By Richard Price
I remember reading how Richard Price has a marvelously uncanny ear for street talk and police procedure. As a fan of The Wire, I also noted he was part of the show’s elite team of crime fiction writers and how reviewers often drew comparisons between his earlier work and The Wire even before he came on board. When I spotted Lush Life at my local thrift shop for $3, I was siked.
From the blurb, I already knew that the novel was about a shooting that occurred in the Lower East Side, where Price grew up. Other than what I already mentioned, I didn’t know anything more than that. It took me a while to get into it as the author sets up the characters and scene. I was also a little wary about the central character, Eric Cash, a restaurant bar manager, who at 35, is close to giving up on any hope of achieving whatever youthful aspirations he once had.
While out drinking with people whom he barely likes, they get robbed at gunpoint and one is shot dead. Emanating with self-loathing, Eric quickly transforms from key witness to suspect in the eyes of the two police detectives, who are otherwise capable, but end up making a fatal mistake. Once I was left trying to figure out what was going on, I was hooked, as the narrative scope swiftly and confidently expanded from the shooting incident to encompass a whole cross-section of people that intersect as the police investigation progresses.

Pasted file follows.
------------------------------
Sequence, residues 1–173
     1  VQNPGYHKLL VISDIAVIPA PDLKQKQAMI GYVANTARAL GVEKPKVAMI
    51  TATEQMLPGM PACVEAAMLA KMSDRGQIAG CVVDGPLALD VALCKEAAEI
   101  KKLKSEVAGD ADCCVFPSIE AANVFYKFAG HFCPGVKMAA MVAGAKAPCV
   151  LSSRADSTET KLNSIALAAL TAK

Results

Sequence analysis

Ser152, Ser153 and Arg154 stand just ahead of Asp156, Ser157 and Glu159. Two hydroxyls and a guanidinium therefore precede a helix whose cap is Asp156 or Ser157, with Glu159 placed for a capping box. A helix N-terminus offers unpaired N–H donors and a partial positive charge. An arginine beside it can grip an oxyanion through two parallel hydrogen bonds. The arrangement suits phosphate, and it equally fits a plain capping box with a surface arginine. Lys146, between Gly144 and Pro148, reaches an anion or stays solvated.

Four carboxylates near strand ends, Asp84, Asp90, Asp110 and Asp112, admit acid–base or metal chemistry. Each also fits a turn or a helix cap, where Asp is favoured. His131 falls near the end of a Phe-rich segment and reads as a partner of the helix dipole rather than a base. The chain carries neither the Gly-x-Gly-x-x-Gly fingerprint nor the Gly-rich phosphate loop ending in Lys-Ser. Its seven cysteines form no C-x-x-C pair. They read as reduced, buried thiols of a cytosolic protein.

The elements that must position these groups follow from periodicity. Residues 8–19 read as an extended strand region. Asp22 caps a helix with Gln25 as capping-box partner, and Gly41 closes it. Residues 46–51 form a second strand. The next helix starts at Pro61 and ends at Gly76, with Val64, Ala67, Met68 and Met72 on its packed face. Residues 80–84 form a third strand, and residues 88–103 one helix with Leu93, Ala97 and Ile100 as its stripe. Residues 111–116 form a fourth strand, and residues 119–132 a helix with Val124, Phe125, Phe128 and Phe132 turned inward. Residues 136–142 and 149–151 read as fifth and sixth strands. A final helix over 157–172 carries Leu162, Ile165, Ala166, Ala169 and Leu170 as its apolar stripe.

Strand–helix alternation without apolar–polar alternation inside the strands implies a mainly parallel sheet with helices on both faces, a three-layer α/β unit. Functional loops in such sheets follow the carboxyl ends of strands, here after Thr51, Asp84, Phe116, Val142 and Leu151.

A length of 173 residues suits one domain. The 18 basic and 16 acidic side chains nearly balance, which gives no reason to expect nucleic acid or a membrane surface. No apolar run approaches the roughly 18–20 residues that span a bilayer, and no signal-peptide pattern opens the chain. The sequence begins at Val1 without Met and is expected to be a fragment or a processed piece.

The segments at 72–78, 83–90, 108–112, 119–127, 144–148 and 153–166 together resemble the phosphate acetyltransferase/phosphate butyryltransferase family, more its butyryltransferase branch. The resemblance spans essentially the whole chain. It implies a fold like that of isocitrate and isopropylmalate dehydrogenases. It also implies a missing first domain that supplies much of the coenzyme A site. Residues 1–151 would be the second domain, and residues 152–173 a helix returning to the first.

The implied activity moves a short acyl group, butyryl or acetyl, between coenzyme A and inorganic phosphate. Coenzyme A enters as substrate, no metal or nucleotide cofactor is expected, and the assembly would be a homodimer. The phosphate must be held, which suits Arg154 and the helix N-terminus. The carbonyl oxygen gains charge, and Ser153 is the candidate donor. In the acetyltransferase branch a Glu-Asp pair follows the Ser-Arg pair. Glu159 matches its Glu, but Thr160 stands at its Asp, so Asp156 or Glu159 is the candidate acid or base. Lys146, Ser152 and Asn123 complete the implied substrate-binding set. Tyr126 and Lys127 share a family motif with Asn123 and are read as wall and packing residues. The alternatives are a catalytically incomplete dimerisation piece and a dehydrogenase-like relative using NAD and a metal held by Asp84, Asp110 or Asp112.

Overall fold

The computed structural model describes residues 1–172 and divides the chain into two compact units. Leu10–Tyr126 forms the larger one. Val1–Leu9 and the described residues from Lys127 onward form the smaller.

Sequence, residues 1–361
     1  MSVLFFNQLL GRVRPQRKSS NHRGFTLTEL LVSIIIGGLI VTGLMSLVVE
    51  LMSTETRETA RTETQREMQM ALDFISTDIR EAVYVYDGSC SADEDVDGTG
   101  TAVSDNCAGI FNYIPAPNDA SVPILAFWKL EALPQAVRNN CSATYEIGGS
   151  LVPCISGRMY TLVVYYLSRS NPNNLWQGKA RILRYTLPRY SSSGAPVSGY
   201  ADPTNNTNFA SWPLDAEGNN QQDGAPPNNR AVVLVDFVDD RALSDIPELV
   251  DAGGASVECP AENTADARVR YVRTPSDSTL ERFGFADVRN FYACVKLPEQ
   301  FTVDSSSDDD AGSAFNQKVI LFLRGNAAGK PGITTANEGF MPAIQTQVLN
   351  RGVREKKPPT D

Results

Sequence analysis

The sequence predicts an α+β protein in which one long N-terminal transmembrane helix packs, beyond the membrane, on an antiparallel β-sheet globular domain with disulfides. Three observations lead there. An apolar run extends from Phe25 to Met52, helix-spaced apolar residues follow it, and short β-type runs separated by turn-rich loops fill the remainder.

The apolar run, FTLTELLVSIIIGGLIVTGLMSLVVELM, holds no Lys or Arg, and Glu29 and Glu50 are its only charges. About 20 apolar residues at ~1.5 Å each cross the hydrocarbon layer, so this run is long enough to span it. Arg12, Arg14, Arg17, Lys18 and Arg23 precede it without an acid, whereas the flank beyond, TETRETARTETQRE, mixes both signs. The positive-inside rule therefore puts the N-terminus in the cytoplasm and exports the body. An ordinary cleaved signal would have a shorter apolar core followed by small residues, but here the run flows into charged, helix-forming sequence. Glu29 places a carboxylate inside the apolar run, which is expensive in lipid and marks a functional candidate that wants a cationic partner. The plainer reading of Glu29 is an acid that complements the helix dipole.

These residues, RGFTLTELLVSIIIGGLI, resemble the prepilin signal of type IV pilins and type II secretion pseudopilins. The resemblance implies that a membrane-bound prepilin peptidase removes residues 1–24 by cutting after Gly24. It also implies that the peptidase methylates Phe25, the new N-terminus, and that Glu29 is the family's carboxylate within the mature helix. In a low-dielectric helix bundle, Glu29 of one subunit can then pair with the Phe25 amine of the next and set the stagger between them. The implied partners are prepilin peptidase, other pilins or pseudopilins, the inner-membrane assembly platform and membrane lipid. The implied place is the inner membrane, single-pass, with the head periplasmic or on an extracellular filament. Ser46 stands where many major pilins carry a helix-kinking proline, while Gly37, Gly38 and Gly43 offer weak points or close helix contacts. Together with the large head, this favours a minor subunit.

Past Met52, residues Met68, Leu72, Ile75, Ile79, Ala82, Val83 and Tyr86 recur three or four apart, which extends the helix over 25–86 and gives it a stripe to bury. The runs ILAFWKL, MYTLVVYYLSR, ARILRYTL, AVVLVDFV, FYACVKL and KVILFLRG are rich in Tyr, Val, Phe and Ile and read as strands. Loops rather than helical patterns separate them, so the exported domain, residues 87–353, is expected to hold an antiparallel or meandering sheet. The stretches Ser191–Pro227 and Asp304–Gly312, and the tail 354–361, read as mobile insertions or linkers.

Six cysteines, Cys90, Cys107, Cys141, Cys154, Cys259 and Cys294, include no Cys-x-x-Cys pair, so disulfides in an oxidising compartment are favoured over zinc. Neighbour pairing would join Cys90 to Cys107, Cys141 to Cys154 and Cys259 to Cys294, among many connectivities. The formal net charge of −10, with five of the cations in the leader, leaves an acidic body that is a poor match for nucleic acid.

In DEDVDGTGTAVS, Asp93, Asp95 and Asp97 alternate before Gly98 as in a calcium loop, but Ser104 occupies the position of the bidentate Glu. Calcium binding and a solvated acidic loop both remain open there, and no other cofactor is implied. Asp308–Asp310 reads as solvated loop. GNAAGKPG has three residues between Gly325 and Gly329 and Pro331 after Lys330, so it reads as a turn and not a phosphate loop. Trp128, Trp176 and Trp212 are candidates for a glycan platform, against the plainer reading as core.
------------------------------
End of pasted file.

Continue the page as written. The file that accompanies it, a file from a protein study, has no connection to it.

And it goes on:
As the author put it in a NY Times article: “An investigation will take you through a landscape.” The landscape being the Lower East Side, which Price depicts as a neighborhood of colliding populations. “This place is like Byzantium. It’s tomorrow, yesterday — anyplace but today.”
Although the intersecting kaleidoscopic narrative device has been done to death recently in overblown Hollywood dreck like Crash and Babel, it’s rarely ever put to accomplished and meaningful use. Reading Lush Life felt very much like experiencing the world of The Wire all over again, albeit with different characters and location, of course. You’ve got the police investigation hampered by politics, the law and the media; the sharp observation of class conflict and individual interactions; the wry humour. And Price’s portrayal of the middle-class white hipsters at the victim’s memorial was dead-on and merciless.
This is probably due to the fact that the new wave of "La Bohemer" gentrifiers are taking over a bygone neighbourhood. As one Salon reviewer notes: "Price seems so fond of streetwise impudence and cynicism that middle-class hypocrisy and cant become in some ways a less forgivable crime than murder". There is definitely a wary and cynical undercurrent there as you can feel how Price laments the loss of the old New York – just enough to make you feel a little sad, instead of merely rolling your eyes. I think knowing a little bit about the overall and recent history of New York helps in appreciating the novel a little more. For instance, I had to ask Olman what this Quality of Life business was about, as the author rarely explains away context to outsiders or tourists so readily. It'd be interesting to know Olman's thought about this book, since he had to jump in and read it while I was still trying to finish Post Captain!
Lush Life was a very straightforward read, but at over 400 pages, it was no quickie either! Still comes strongly recommended if you’re a fan of The Wire, interested in New York and/or you're simply looking for a well-written recent bestseller. I'd definitely seek out his other fiction work, like Clockers for one.